Industry Groups Unveil New Space Measurement Standard
- Nov 26, 2014
By Gail Kalinoski, Contributing Editor
A new international standard for measuring space in office buildings will lead to increased transparency and consistency in global commercial real estate markets, according to a coalition of more than 50 industry stakeholders who created the uniform method that will be the template for similar standards in residential, retail and industrial properties.
The International Property Measurement Standard for Offices will replace dozens of existing standards currently in use around the world. The coalition notes the new standard will benefit the way property assets are managed and how financial decisions are made by investors, corporate occupiers, buyers and sellers. The new standard defines which areas are included when measuring a property and which are not.
“There were different ways of measuring space from the window, from the wall,” Nancye Kirk, chief strategy officer and vice president of global services at the Institute of Real Estate Management, told Commercial Property Executive. “What do you do about common areas?”
For example, the standard states patios and decks at ground level, external car parking, equipment yards, cooling equipment, refuse areas and other ground-level areas that are not fully enclosed should not be included in the sum of the building’s area.
“This is a first step towards speaking with a common language and a common understanding of how we define space for the building environment,” Kirk said.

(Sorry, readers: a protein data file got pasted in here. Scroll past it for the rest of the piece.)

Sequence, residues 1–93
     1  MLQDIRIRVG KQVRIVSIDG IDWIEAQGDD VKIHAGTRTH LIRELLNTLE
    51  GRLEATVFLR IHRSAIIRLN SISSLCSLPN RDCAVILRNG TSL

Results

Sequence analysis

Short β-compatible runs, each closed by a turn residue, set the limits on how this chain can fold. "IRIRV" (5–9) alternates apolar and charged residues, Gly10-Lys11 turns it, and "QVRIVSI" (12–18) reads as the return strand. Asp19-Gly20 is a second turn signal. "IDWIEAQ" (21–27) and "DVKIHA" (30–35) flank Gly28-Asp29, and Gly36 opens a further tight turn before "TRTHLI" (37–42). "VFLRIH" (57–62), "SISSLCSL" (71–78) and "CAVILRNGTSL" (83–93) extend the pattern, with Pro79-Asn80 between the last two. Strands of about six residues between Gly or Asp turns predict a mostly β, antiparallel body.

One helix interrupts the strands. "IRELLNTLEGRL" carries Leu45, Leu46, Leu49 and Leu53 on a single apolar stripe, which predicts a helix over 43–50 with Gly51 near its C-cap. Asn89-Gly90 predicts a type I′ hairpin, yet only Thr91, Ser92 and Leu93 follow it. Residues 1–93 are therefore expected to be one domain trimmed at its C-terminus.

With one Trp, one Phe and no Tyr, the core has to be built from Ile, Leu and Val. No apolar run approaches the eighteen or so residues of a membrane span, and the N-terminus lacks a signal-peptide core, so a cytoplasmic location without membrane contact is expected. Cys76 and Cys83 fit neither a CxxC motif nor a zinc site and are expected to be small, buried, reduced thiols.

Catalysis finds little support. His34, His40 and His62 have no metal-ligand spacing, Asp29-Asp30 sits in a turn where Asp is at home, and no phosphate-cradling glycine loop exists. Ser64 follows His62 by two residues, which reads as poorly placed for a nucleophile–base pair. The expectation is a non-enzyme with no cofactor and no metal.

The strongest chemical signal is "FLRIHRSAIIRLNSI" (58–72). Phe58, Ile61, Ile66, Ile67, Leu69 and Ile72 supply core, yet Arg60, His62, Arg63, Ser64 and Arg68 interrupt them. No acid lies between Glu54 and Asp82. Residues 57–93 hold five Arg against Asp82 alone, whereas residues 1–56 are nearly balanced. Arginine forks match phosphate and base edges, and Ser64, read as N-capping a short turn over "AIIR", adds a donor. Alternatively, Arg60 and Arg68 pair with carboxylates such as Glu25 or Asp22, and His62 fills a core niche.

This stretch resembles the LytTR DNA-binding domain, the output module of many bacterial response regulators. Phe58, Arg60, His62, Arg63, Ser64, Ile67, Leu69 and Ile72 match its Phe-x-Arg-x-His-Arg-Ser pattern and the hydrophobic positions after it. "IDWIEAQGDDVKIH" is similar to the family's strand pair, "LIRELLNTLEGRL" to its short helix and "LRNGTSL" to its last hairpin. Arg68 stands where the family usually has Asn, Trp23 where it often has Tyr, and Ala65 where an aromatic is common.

With different standards being used throughout the world, research from global property firm JLL found the area quoted in different markets could vary by as much as 24 percent. More than $1 trillion worldwide was spent in 2013 on commercial property market transactions, making the need to create an international standard increasingly more important, according to IREM and Building Owners and Managers Association International, which is also a member of the coalition.
“Globalization is not a coming trend – it is here and it is a fact of life,” Lori Burger, IREM president, said in a news release. “There continues to be a steady increase in cross-border investments and in international capital flows. In what has become a global real estate market, the need for transparency, for a common language, and for international standards becomes paramount.”
Chicago-based IREM and BOMA International, headquartered in Washington, D.C., were among the organizations that make up the IPMS Coalition, which was formed following a meeting at the World Bank in 2013.
“With investors, corporate occupiers and third-party management firms expanding their businesses globally, there is an increasing need for consistency in the methodology to measure and compare real property,” BOMA International Chair-Elect Kent Gibson said in a release from his organization.
Gibson, a member of the IPMSC Standard Setting Committee, said the new standard will create cross-border transparency and the ability to accurately benchmark operations.
Kirk said more than 100 companies have been eagerly awaiting the release of the standard from the committee, including building managers, appraisers, architects, facilities managers, occupiers, and investors. Multinational companies in particular were “looking for a way to be more transparent across all operations,” she said.
The coalition is also engaging governments to adopt the measurement standard. The government of Dubai has already announced plans to make IMPS mandatory because of the growing international investment in Dubai’s commercial property sector, according to IREM and BOMA International.